Policy Resource

Does Congress Have a New Year’s Resolution for Babies?

Jan 21, 2012

Funding decisions will once again need to be made for the many programs important to infants and toddlers that are funded through the annual appropriations process (discretionary programs).

Happy New Year from the Baby Policy Blog! As you may remember, last year ended with Congress completing the Fiscal Year 2012 appropriations process, resulting in an increase for Head Start/Early Head Start, CCDBG, and other programs vital to the healthy development of infants and toddlers. As calendar year 2012 (and the second session of the 112th Congress) begins, we are looking ahead to… you guessed it – babies and the budget! Congress will soon be back in session, with the House returning on January 17th, and the Senate a week later. 2012 will see Members spending a great deal of time back in their districts, as the election year begins to affect the Congressional agenda.

Funding decisions will once again need to be made for the many programs important to infants and toddlers that are funded through the annual appropriations process (discretionary programs). The President’s budget proposal for Fiscal Year 2013 (October 1, 2012 – September 30, 2013), scheduled to be released the first Monday in February under the terms of the Congressional Budget Act, outlines the administration’s recommended funding levels for individual programs. This is the first step to kick off a long process to establish line item appropriation levels for every program, project, and activity of the federal government.

What is unique this year, unlike previous years, is the effect of the 2011 agreement on the Budget Control Act – reducing annual appropriations by nearly $1 trillion over ten years relative to the current level of spending. Aggregate appropriations levels have already been determined for domestic as well as defense and international affairs programs, but Congress must still determine the details within these areas of appropriations through the enactment of 12 annual appropriations measures.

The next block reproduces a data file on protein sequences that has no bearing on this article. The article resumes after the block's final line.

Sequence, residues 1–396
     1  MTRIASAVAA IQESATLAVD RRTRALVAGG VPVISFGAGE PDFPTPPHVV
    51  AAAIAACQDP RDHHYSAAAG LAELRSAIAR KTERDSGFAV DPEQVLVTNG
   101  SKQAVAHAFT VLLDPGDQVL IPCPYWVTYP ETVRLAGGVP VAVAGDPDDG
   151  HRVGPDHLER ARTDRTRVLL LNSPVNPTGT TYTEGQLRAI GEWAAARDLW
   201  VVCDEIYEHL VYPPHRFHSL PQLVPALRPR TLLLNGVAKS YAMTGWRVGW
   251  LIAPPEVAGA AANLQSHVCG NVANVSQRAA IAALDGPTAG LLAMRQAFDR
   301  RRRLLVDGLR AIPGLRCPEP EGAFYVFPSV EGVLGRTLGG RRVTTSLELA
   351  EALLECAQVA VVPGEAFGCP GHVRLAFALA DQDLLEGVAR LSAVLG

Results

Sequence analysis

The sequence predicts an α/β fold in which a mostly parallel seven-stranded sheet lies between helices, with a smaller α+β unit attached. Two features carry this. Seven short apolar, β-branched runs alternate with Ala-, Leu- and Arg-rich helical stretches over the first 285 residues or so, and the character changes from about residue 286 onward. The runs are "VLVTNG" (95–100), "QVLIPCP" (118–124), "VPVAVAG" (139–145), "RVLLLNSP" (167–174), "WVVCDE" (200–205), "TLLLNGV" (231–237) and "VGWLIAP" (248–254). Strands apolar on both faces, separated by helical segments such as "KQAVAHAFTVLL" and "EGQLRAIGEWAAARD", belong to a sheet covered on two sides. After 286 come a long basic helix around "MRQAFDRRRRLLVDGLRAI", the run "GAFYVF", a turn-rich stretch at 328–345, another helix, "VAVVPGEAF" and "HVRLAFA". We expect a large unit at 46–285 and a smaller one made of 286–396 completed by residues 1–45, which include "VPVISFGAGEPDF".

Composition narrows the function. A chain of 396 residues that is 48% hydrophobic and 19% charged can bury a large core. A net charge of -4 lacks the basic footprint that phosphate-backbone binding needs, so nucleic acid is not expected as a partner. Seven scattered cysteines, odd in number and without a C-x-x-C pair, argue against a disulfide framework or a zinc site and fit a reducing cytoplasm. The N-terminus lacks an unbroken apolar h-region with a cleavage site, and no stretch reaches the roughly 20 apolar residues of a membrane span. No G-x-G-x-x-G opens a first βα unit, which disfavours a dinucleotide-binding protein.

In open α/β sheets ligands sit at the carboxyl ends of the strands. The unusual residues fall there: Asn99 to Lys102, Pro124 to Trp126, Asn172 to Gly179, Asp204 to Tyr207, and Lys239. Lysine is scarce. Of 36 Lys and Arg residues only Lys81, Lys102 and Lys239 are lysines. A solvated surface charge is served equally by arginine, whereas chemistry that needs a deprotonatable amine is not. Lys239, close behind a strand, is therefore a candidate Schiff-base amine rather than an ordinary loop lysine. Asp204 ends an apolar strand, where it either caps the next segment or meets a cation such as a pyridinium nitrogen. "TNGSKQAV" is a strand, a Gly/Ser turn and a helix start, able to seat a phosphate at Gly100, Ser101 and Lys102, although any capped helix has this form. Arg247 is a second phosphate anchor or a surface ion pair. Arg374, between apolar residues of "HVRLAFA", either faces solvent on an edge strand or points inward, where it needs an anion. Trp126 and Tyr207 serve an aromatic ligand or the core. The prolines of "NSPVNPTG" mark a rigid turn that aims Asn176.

In the months following the submission of the President’s budget, the House and Senate craft their own versions of a budget blueprint (“budget resolution”) to guide decisions on spending and revenues for the year ahead. This concurrent resolution does not require the President’s approval. Upon adoption of the budget resolution, or May 15 (whichever comes first), the House and Senate Appropriations Committees begin to draft spending bills for the fiscal year beginning on October 1 (Fiscal Year 2013 in this year’s case). The goal is for Congress to complete its work on all appropriations bills and other decisions affecting spending and revenues before the start of the fiscal year. Even with these processes and targets, the Congressional schedule is never certain. What is certain is that Congress will be in recess several times during the year and for a significant period in August through Labor Day so that the party nominating conventions can be held in anticipation of the fall elections. For a refresher on the details of the budget process, read Babies & The Budget: Opportunities for Action and revisit our budget videos.

An important piece of legislation that we will continue to follow in the new year is the reauthorization of the Elementary and Secondary Education Act. The Senate Committee on Health, Education, Labor and Pensions has taken up and approved a bipartisan bill, the Elementary and Secondary Education Reauthorization Act of 2011. One key provision for the first time includes infants and toddlers in a program that recognizes the importance of the early years in language and literacy development [these provisions are based on the Literacy Education for All, Results for the Nation (LEARN) Act, S. 929]. The measure also authorizes Race to the Top (an initiative of the Obama Administration) with an early learning component, the “Early Learning Challenge.” The likelihood of the full Senate taking up the bill in this election year is unclear. The House is using a more piecemeal approach to ESEA, but the arrival of a bipartisan bill there is unlikely.

Another program that may be revisited is the Child Care and Development Block Grant (CCDBG). Senator Barbara Mikulski, Chair of the Subcommittee On Children And Families, has held two hearings exploring child care issues, specifically issues surrounding child care quality and safety.

So, how do we get ready? Decisions about spending are never easy, and the tough budget battles of recent years are certain to continue. Spending decisions set our national priorities. We need to continue to advocate for decisions that serve our society’s interest. We can build for the future through funding and policy choices that support programs to ensure the positive early development of our most vulnerable infants and toddlers and their families.

  • Author

    Patricia A. Cole

    Senior Director of Federal Policy


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